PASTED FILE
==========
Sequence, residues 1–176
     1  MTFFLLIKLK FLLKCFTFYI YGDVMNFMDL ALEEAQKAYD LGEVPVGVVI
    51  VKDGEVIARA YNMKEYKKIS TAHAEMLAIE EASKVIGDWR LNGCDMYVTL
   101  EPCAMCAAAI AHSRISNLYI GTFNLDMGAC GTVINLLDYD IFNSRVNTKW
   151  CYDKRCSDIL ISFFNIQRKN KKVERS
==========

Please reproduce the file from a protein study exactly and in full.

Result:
Sequence, residues 1–176
     1  MTFFLLIKLK FLLKCFTFYI YGDVMNFMDL ALEEAQKAYD LGEVPVGVVI
    51  VKDGEVIARA YNMKEYKKIS TAHAEMLAIE EASKVIGDWR LNGCDMYVTL
   101  EPCAMCAAAI AHSRISNLYI GTFNLDMGAC GTVINLLDYD IFNSRVNTKW
   151  CYDKRCSDIL ISFFNIQRKN KKVERS